Perhaps most importantly, contingent fees automatically align a plaintiff and lawyer’s interests. Why? Hourly-rated lawyers earn more if a case becomes more litigious (because it takes more time, and they charge by the hour). With contingency fees, however, a lawyer makes more money if their client makes more money, and loses money if their client loses the case.

In order to ensure that lawyers can offer contingent fees, those fees have to be high enough to compensate lawyers for the cases they take on where they lose money. Files are often taken on within days of an accident, to ensure that the client is taken care of and protected right away. If that client fully recovers within six months, however, there is no case and the lawyer doesn’t get paid.

In other words, lawyers incur great risk with contingency fee arrangements. It’s in their best interest to ensure their clients’ best interest is served, as well. These fee structures may face constant scrutiny and criticism, but they exist to better serve accident victims and their families.

– Strype Injury Law

Get more information about the process of personal injury trials or settlementscontact Strype Injury Law today.

 

 

 

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Strype Injury Lawyers: Access to Justice

Court delays deny access to justice for personal injury victims

Virtually every week, media headlines shine a spotlight on the trial delays plaguing our courts. But this coverage tells only half the story of the hurdles faced by personal injury victims in Ontario when it comes to gaining fair access to justice.

As we’ve seen in several high-profile cases such as the Supreme Court’s decision in R v Jordan—in which the Court decided that criminal cases in provincial courts should take no longer than 18 months from the charge to the end of trial—criminal charges, even grievous ones, are sometimes ‘stayed’ or dismissed because they were not dealt with expeditiously.

Those charged with a crime in Canada are entitled to trial within a reasonable time under s. 11(b) of the Charter of Rights and Freedoms.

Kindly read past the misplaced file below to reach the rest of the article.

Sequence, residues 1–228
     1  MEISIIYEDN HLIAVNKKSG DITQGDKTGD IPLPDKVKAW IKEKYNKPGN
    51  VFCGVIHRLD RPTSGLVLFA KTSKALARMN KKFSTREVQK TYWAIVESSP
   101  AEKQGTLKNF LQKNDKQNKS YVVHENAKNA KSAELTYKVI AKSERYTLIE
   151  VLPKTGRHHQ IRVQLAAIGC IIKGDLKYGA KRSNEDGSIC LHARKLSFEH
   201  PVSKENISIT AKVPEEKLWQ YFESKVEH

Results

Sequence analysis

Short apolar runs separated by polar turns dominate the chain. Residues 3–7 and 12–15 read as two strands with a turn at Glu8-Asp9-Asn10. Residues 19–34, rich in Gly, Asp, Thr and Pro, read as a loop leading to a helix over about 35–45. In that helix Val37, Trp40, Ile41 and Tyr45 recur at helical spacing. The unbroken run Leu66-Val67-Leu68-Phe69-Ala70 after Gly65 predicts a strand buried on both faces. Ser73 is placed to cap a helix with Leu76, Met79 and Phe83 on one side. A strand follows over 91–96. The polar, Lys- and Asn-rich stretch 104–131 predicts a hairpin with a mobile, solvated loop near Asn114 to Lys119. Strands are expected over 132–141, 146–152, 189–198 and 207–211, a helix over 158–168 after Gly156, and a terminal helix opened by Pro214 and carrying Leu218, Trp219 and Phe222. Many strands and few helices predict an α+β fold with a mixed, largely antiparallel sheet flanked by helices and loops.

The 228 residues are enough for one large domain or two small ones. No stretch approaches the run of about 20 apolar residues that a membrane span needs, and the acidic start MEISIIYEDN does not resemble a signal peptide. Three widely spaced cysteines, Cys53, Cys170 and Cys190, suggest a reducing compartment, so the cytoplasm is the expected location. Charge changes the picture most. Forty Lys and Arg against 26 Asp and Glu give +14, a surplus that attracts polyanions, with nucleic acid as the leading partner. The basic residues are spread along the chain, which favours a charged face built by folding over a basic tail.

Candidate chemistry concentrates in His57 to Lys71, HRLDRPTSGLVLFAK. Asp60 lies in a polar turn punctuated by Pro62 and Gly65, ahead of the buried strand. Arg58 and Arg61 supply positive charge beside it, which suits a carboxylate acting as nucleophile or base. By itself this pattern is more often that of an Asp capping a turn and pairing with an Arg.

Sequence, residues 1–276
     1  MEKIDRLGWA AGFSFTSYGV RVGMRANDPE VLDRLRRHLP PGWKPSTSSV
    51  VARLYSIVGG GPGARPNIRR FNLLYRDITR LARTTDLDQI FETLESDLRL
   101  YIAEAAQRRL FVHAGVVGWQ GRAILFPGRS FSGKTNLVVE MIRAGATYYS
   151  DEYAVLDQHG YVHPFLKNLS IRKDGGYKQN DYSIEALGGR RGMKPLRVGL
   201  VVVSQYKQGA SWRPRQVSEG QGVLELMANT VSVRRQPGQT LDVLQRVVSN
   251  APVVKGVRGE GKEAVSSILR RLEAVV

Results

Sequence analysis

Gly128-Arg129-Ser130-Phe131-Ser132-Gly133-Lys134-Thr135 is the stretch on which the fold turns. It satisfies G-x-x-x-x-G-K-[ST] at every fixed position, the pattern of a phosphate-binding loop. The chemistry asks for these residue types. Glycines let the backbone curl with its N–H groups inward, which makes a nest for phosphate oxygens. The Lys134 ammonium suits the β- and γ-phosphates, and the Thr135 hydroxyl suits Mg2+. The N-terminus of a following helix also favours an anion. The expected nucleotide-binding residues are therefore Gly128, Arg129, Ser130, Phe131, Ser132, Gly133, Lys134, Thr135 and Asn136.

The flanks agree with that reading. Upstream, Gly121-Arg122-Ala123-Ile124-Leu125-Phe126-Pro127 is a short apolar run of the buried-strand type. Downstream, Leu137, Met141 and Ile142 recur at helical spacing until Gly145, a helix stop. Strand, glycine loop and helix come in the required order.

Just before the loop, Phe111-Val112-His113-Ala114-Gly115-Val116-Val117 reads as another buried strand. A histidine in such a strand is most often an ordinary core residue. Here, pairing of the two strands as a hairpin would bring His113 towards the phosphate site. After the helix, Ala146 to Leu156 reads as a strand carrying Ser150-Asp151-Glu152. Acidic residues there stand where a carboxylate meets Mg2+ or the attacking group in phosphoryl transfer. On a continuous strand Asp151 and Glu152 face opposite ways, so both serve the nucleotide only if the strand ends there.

There is, however, another unintended consequence of that Supreme Court ruling. Because criminal trials take precedence over civil actions and because we have a serious shortage of judges, civil proceedings are often unreasonably delayed, sometimes for years on end. A civil suit in Ontario may require six to eight years from the date that the Statement of Claim is issued until resolution.

The impact on personal injury victims

Victims who are injured in a motor vehicle accident or another catastrophic event are often unable to work, and as a result, must survive financially on accident benefits in the interim—amounts that tend to be a mere fraction of their regular income. This hardship often results in significant stress, mental health issues, divorce and family breakdown.

Furthermore, because of the way that accident benefits are structured, insurers can arbitrarily cut off those benefits, which they do routinely.

The unfair settlement loophole

Insurance companies exploit these facts and delays to their advantage. They fully understand that their own clients are often desperate to settle for much less than they deserve, because they are facing bankruptcy. To compound the pressure, they routinely seek multiple court delays of six months to a year for various reasons, and consistently refuse to make reasonable—or any—offers of settlement. They know that a trial will be set so far in the future that their client will be forced to accept minimal compensation just to survive.